Where to Find Hygge in Copenhagen

Cosy Copenhagen houses, perfect for hygge

Hygge (pronounced HOO-GAH) is the lifestyle trend that just won’t die. It’s a not-quite-translatable word that represents a feeling of cosiness and contentment, often found through enjoying nature, snuggling up in a warm nook, catching up with a few friends or enjoying some proper comfort food and maybe a mug of hot chocolate.

Though the word originated in Norway as a rough description of wellbeing, it really took hold in Denmark from the 18th century, and it’s now one of the most fundamental pillars of Danish life. The inclusions are broad, from a fun-loving bloke you meet (that’s a hyggelig fur) to a welcoming house bursting with food (just really hyggelig). In contrast, somewhere cold, dark and unfriendly would be uhyggeligt, but so too would someone addicted to technology. Told you it was hard to explain.

The hygge concept has really spread over the last few years and it’s everywhere on the British high street. There are candles and rugs being flogged at every turn, alongside knitwear and slippers, but all under the umbrella trend of hygge, as emphasised by lifestyle tomes.

Yes, that urge for cosiness all makes sense when winter is nearly here, but hygge is a year-long focus for the Danes, with picnics and twilight barbeques quickly replacing chats around the fireplace. The main aim is to feel comfortable, relaxed and at home, wherever you might be. If you happen to find yourself in Copenhagen, these places will definitely help you create a hyggeligt atmosphere.

Log Lady Cafe in Copenhagen with themed interior
All that’s missing is the lady herself. And a real owl. And Agent Cooper.

The Log Lady Café – Studiestræde 27

Whether you’re a Twin Peaks fanatic or you’ve never even watched the show, this themed café will appeal regardless. It’s quiet enough during the day for a relaxed drink with friends, sat around chunky log tables in tribute to the Log Lady narrator of the famous TV series.

Twin Peaks-themed décor, including red details and black and white zigzags, not to mention a stuffed owl, make this an unusual setting, but it’s still welcoming, with enough cosy nooks and corners to get the hygge seal of approval. There are, of course, candles (a big part of a hyggelig setting), and the modest snack menu is entirely organic.

Rosenborg Castle with gorgeous 17th century decor and Danish Royal Family artwork
Who fancies hanging out in this castle and tucking into a 20 course dinner?

Rosenborg Slot – Øster Voldgade 4

I really fell in love with Rosenborg Castle and its surroundings. Though the interior is opulent, the neat structure of the castle means it somehow still feels cosy in many places, including (somewhat bizarrely) the King’s toilet, lined with blue and white tiles. Even the throne room manages to look friendly.

Several hyggelig monarchs spent time at Rosenborg, notably the culture-obsessed Christian IV (1596-1648), who commissioned the castle and its King’s Garden, had 20 children, and lived here until his death. His average evening meal at Rosenborg consisted of 16-20 courses, including unlimited beer; food, as I’ve mentioned is a big aspect of hygge. Meanwhile the King’s Garden, or Kongens Have, has been open to the public since the early 1700s and is a popular place for picnics. I even spotted a group of locals doing Tai Chi on the grass.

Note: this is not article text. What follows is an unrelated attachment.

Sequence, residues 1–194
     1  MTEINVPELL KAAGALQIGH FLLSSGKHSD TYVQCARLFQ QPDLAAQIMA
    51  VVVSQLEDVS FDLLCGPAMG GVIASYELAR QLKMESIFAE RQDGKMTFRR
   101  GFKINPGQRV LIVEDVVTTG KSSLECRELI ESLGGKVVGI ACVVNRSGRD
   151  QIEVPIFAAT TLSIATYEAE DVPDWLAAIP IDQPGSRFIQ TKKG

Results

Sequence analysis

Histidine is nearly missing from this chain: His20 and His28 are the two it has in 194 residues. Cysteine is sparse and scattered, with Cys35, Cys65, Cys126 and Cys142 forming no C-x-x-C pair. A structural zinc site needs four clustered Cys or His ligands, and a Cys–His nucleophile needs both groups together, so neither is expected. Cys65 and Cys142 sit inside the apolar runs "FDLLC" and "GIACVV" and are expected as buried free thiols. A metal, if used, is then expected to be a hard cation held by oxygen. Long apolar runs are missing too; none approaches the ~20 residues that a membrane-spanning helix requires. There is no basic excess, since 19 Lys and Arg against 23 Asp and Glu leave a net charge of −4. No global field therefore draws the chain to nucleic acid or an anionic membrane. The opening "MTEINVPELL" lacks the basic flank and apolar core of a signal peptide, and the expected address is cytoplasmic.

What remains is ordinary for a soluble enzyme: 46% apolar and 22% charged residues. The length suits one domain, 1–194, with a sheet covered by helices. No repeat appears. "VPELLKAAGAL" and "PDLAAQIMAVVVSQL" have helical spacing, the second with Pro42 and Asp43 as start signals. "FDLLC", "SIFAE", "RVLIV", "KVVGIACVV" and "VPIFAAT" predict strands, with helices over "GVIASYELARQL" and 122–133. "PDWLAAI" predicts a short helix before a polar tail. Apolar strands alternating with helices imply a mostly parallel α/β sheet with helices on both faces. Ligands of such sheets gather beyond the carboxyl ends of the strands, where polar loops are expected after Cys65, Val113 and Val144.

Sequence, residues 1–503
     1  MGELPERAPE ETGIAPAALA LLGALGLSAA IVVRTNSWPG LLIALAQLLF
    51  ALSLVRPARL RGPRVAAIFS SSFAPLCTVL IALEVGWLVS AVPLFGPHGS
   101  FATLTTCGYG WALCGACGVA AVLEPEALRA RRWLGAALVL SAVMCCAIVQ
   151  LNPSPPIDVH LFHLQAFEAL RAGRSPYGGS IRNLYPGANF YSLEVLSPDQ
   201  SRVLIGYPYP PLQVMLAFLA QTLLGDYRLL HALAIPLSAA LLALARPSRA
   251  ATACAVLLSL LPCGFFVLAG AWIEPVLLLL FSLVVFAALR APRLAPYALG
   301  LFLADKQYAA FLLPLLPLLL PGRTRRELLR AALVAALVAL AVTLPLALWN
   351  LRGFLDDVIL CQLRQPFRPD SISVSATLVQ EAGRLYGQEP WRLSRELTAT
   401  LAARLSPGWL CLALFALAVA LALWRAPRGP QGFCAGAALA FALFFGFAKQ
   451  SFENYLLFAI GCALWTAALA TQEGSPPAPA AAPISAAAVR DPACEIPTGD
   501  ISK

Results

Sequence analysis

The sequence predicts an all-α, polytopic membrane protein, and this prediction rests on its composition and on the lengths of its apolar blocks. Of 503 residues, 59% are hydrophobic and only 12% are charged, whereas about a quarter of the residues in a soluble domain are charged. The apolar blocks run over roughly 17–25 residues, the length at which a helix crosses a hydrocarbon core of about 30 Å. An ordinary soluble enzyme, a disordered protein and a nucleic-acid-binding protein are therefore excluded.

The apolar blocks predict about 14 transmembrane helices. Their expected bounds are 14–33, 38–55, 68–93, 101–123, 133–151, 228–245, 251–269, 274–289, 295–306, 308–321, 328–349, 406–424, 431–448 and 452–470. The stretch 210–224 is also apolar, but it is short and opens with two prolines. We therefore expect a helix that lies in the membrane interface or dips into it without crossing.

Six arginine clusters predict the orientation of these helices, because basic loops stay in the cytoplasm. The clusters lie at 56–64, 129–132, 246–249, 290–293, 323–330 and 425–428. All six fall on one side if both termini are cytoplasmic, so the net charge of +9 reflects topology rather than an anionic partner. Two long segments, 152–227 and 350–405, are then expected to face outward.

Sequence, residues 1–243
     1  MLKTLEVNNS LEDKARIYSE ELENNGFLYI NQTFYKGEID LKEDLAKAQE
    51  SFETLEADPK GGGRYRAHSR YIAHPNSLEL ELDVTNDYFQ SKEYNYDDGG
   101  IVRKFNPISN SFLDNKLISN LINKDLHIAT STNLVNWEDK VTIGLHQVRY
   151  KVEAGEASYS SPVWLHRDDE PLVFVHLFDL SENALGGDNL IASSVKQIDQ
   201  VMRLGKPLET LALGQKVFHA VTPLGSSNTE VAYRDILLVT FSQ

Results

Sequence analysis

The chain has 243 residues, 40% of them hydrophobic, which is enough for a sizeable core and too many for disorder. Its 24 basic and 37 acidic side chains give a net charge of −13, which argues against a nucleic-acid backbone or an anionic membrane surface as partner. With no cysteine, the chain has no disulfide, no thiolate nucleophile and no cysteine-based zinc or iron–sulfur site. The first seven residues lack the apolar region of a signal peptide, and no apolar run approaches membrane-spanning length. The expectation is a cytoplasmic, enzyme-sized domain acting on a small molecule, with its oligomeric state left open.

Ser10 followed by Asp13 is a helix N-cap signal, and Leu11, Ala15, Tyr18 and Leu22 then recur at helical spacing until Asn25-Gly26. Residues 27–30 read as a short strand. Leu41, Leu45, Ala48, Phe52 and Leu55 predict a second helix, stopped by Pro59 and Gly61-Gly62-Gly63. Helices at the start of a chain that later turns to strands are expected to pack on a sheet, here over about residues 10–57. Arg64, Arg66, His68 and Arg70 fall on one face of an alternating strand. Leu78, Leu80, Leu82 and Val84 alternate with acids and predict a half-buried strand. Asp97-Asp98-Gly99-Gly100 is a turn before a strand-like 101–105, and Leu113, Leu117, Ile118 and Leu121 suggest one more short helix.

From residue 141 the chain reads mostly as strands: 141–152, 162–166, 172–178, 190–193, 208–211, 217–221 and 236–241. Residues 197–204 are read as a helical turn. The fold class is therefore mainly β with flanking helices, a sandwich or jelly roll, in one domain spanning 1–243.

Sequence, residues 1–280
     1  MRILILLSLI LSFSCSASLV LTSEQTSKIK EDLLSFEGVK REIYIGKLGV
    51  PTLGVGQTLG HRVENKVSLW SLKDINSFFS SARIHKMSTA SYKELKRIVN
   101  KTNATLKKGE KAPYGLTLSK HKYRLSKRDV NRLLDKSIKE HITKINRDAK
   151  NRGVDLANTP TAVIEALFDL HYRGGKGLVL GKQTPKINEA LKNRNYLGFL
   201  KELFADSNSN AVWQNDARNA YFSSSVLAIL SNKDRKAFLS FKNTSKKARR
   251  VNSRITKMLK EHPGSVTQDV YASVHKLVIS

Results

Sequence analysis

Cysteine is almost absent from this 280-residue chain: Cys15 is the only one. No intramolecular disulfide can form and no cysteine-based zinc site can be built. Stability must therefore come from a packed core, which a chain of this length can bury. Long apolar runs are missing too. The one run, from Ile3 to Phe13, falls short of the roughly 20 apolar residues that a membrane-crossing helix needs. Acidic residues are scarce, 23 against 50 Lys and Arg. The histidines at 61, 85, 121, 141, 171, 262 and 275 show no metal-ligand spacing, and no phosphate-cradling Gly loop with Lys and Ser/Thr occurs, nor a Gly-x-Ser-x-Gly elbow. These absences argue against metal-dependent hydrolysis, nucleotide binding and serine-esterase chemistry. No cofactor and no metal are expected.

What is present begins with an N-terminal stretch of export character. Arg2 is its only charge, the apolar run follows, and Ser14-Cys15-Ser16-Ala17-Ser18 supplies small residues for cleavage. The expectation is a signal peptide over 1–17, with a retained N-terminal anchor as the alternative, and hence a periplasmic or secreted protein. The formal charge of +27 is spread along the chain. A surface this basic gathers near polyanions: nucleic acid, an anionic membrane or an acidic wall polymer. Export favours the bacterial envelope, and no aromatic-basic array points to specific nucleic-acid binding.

Rundetaarn or Round Tower in Copenhagen with steep slope and hygge style surroundings
Tackle the quirky Round Tower with friends and family on a memorable walk.

The Rundetaarn – Købmagergade 52A

The Round Tower, or Rundetaarn, is compact and cute, at just 36m high, but with a lovely spiral walkway for visitors. It was built on the orders of Christian IV (him again) in 1642. There’s a smooth slope leading to the observatory level (no steps, so it’s very pushchair or wheelchair-friendly), along with little nooks where you can rest and gaze out the window to the streets below. The observatory is fun to explore too, and there are temporary exhibitions in the former library hall; when I visited, people were getting tattooed to celebrate a display on the history of tattoos. A brilliant touring exhibition, The Museum of Broken Relationships, runs here from 19th November 2016 – 22nd January 2017, with several new contributions from Danes. Take some friends along and you can bond over horror stories about terrible ex-partners.

The final stretch beyond these rooms involves a steep and narrow stair climb, but you’re rewarded with a panoramic view of Copenhagen and beyond, including the Oresund bridge. On a clear day this is particularly striking, but it would be just as photogenic when there’s mist or fog hanging over the city. If you’ve been charmed by the place, you could maybe to Solvang in California, known as the Danish Capital of America, to see a Round Tower replica.

Is Copenhagen on your wish list? Are you planning a hyggeligt Danish adventure soon? Get in touch for more sightseeing tips, and don’t forget to read my ‘Copenhagen on a budget’ guide.